World’s largest brewer has set the bar for a new, data-driven approach to compliance
By Dylan Dokar
For many multinational companies, preventing bribery and corruption involves sending lawyers to far-flung places, holding meetings and web-based surveys, and interviewing uncooperative or uninformed employees.
It’s a human process, prone to bias and error. That is why it’s ripe for a more data-driven approach, experts say.
The company that appears to be ahead in solving this technological riddle isn’t in the tech sector. In fact, its main product—beer—predates the invention of the wheel.
Anheuser-Busch InBev SA, the world’s largest brewer, has spent three years developing machine-learning technology that can identify risky business partners and potentially illegal payments. The analytics platform, BrewRight, draws on data from operations in more than 50 countries, allowing the company to proactively monitor legal risks and prevent violations, instead of focusing on investigating problems after they arise.
The platform is designed to get smarter and more effective over time. It has cut hundreds of thousands of dollars in costs associated with investigating suspect payments. It has also placed the company—the brewer of Budweiser, Stella Artois and other beers—at the forefront of corporate anticorruption compliance.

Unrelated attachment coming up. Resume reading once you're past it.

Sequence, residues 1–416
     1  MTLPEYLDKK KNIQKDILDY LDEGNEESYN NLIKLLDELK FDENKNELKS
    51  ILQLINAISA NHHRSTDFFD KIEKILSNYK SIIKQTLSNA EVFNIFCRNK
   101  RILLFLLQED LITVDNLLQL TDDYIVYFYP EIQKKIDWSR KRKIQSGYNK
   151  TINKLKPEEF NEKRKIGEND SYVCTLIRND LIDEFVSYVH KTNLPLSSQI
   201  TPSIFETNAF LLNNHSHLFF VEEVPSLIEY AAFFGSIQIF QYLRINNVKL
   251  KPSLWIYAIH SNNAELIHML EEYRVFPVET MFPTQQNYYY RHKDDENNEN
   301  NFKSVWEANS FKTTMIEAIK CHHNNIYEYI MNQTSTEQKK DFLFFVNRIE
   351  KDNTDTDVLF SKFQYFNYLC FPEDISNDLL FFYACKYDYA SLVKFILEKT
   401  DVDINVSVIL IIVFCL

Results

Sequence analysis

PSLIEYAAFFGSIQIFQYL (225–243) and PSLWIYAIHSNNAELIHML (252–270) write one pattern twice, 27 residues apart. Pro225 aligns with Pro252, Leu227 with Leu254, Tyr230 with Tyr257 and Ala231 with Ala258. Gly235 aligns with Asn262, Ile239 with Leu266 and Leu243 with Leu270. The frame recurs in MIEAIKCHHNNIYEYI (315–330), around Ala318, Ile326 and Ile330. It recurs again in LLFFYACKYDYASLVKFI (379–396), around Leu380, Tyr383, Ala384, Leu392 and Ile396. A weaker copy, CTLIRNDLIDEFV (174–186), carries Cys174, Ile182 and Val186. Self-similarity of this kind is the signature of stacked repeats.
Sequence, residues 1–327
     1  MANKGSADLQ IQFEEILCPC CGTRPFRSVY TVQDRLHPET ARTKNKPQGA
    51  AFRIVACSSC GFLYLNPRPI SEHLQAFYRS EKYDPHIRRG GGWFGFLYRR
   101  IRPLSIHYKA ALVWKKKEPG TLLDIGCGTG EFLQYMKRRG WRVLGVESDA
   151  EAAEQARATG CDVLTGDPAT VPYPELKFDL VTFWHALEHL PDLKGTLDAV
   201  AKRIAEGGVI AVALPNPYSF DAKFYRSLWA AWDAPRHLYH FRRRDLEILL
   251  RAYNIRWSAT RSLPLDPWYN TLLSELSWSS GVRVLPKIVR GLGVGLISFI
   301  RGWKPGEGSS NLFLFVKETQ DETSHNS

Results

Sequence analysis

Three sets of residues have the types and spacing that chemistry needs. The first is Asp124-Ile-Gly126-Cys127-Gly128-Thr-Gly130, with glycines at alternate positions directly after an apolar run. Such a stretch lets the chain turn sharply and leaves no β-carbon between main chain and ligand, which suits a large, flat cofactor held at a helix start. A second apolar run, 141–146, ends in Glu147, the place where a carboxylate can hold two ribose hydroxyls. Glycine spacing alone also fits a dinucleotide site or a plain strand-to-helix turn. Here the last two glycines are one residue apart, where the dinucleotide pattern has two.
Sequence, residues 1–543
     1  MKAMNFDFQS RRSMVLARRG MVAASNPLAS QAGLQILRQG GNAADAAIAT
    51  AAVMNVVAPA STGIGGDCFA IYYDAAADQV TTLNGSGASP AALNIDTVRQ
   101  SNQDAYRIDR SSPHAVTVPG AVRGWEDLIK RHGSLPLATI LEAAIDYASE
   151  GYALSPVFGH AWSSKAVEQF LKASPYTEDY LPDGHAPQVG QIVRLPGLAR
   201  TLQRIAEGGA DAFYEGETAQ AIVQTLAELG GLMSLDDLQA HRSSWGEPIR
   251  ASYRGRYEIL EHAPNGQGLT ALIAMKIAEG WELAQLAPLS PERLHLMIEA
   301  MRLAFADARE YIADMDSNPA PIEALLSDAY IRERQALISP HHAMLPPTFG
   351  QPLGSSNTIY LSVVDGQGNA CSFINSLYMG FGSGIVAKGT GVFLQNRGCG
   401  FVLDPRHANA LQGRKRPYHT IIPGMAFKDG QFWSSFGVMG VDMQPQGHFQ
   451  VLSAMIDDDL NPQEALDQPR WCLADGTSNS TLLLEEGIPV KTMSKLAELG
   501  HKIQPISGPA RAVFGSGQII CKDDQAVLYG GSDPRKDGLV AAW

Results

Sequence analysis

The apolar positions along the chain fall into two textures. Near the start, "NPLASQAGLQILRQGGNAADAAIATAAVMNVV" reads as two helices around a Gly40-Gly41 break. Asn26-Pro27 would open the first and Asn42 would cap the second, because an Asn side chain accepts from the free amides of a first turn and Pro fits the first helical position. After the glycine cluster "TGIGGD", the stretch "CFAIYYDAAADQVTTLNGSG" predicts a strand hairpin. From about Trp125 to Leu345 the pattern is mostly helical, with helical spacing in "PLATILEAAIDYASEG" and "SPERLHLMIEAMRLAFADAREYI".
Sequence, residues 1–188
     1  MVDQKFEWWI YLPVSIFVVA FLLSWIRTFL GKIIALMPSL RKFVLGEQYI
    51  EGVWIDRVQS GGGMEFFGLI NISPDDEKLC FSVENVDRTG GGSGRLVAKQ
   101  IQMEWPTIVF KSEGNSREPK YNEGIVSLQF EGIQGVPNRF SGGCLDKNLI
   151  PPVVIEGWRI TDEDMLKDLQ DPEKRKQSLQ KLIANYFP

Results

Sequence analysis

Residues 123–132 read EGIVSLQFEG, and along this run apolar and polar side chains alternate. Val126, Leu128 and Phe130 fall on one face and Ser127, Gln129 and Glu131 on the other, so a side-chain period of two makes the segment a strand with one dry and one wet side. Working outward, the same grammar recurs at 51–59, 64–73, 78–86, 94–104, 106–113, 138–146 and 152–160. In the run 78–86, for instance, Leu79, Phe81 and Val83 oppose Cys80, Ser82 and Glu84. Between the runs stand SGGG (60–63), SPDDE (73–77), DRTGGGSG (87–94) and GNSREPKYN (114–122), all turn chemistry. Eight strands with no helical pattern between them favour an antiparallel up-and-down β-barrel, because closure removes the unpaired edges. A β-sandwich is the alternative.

“They have achieved something I have not seen anyone else achieve when it comes to integrating their various operational and financial data,” said Hui Chen, an independent consultant who helped prepare U.S. Justice Department guidance on evaluating corporate compliance programs and who has seen the platform up close.
A large company can make millions of payments daily. For most, accessing data on those transactions can be an expensive and time-consuming endeavor. But doing so could also be the key to stopping corruption before it happens. “Once you have the data you see the pattern and the pattern allows you to be predictive,” Ms. Chen said.
If fully realized, AB InBev’s efforts could pave the way for a new generation of corporate compliance—one where companies leverage internal data to create transparency. The approach could also reshape the expectations of law-enforcement agencies such as the Justice Department.
Full story here.